Then , years later, PCs finally ship with USB and hardware is everywhere and who has a floppy drive now?????? Just a thought.... towards the future.

    en

    Comment buried. Show
  1. lysolman

    Fresh-Faced Recruit

    Joined: May 2005

    -11

    Makes sense

    Because Firewire didn't last for very long, because it wasn't widely adopted by PC manufacturers.

  1. Bicycle

    Fresh-Faced Recruit

    Joined: Apr 2011

    +9

    Thunderbold/USB3

    Thunderbold cannot be compared to FireWire, if only because USB 3 will work through the same port next year,

  1. macnews1

    Fresh-Faced Recruit

    Joined: Mar 2011

    +11

    Why this isn't Firewire part 2

    The big reason why Firewire didn't take off is that USB 2.0 was supposed to come out and eventually did approaching speeds close to Firewire400. If you look at it on paper, USB 2.0 looks like it equals FW400 so to the consumer why do they need a FW port?

    The difference this time is that USB 3.0 comes no where CLOSE to Thunderbolt. USB 3.0 will come out and still majorly lack what Thunderbolt can provide and not even compare speed wise which will come in to play with external hard drives. Plus, as Bicycle mentioned, in about a year you will be able to support USB 3.0 through Thunderbolt.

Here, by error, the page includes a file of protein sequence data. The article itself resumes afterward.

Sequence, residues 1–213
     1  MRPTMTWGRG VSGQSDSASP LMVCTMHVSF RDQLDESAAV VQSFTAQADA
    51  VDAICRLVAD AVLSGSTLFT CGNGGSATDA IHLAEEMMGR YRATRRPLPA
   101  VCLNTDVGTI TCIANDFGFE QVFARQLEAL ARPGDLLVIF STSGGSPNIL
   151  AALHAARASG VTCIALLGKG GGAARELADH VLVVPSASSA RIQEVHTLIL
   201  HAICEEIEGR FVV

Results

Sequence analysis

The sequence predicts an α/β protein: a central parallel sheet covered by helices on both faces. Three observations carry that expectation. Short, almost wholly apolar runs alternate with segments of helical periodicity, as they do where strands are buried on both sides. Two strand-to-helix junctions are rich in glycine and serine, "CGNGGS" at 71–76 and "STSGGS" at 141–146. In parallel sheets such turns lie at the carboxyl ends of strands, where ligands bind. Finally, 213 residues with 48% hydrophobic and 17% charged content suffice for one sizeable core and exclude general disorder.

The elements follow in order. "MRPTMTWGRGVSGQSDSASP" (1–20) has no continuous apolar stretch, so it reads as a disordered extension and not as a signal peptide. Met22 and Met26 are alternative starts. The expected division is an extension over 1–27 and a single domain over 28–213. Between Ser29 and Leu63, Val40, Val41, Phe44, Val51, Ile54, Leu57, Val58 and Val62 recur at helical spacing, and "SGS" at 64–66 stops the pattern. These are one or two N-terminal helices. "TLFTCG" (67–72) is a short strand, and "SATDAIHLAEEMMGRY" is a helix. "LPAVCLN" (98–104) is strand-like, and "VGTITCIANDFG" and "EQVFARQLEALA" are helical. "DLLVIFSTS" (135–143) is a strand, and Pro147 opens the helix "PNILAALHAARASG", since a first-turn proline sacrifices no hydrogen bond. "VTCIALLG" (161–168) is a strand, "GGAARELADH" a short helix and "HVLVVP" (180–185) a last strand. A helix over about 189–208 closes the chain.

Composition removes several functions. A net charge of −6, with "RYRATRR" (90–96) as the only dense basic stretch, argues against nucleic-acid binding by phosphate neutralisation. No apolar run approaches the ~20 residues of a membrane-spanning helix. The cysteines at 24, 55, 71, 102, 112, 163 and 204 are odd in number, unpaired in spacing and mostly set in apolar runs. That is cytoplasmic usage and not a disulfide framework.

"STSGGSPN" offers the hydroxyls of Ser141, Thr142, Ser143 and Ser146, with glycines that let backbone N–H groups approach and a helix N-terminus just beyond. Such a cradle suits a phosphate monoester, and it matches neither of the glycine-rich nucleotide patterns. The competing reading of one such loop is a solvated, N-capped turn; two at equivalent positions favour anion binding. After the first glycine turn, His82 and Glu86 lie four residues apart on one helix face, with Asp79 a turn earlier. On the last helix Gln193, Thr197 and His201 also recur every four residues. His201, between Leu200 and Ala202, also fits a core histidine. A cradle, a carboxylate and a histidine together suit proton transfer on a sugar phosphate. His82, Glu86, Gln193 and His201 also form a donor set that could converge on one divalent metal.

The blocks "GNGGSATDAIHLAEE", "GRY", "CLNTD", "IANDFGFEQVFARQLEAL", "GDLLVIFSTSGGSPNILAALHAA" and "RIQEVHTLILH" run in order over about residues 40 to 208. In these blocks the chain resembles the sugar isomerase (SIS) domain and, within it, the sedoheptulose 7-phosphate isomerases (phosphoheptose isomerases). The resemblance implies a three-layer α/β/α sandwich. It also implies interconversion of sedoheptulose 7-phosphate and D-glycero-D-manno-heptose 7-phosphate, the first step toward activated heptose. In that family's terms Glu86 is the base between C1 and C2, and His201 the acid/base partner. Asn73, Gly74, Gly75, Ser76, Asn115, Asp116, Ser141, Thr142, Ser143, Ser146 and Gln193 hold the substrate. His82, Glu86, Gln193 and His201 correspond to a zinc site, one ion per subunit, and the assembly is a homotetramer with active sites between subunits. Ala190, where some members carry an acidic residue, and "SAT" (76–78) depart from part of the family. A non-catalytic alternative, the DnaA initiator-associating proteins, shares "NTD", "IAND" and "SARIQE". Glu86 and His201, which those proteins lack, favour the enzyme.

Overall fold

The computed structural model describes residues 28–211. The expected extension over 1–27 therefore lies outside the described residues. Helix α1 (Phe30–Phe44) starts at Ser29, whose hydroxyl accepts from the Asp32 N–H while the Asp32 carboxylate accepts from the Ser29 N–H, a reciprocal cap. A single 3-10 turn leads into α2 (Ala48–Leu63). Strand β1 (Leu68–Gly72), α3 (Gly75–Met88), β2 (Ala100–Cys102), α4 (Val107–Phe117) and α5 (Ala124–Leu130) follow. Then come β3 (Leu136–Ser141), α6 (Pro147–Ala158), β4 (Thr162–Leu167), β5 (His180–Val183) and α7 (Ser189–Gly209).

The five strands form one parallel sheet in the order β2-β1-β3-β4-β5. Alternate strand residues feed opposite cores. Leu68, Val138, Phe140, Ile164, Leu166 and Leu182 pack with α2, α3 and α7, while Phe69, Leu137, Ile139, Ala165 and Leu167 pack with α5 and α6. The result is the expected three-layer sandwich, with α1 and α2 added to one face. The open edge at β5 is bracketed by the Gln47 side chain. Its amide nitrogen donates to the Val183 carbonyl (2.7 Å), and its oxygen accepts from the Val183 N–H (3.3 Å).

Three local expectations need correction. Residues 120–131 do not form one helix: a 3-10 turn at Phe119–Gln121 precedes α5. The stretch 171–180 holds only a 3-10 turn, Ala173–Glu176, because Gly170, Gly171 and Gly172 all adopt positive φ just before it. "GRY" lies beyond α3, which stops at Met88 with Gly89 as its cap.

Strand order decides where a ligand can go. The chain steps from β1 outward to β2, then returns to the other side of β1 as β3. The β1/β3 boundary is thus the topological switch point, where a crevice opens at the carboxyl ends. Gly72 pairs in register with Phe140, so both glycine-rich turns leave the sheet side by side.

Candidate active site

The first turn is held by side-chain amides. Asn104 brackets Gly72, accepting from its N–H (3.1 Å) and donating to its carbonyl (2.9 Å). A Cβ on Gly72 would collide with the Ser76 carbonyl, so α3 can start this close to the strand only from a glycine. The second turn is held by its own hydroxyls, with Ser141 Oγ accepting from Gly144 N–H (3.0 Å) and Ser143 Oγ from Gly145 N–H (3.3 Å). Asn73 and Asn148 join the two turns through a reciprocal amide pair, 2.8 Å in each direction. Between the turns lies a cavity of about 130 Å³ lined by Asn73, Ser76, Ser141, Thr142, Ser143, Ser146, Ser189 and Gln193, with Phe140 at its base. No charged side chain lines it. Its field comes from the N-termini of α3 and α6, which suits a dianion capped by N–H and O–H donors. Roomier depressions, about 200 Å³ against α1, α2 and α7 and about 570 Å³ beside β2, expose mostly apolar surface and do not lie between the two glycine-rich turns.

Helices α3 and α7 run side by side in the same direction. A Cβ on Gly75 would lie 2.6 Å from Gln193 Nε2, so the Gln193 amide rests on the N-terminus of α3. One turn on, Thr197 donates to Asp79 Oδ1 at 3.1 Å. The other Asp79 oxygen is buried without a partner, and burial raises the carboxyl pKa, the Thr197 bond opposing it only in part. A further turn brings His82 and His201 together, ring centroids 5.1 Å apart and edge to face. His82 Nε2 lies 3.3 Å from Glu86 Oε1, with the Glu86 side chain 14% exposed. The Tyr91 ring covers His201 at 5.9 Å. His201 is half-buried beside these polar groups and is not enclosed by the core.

1. jwdsail

    Fresh-Faced Recruit

    Joined: Jun 2000

    +11

    Value proposition...

    That's funny, Mr. Lauwaert, because I haven't found a value proposition to justify buying any of your crappy products then have to deal with your useless tech support staff.

    Like I said, funny.

  1. hayesk

    Professional Poster

    Joined: Sep 1999

    +9

    Perspective

    HP still sells PCs with PCIe slots that often go unfilled. Imagine the cost savings of shipping smaller PCs with no PCIe slots and a Thunderbolt port instead.

    Leave the slots to the high-end PCs where the margins are there to afford it and there's a market for internal PCIe cards (for now).

  1. Geoduck

    Junior Member

    Joined: Jan 2010

    0

    Hardware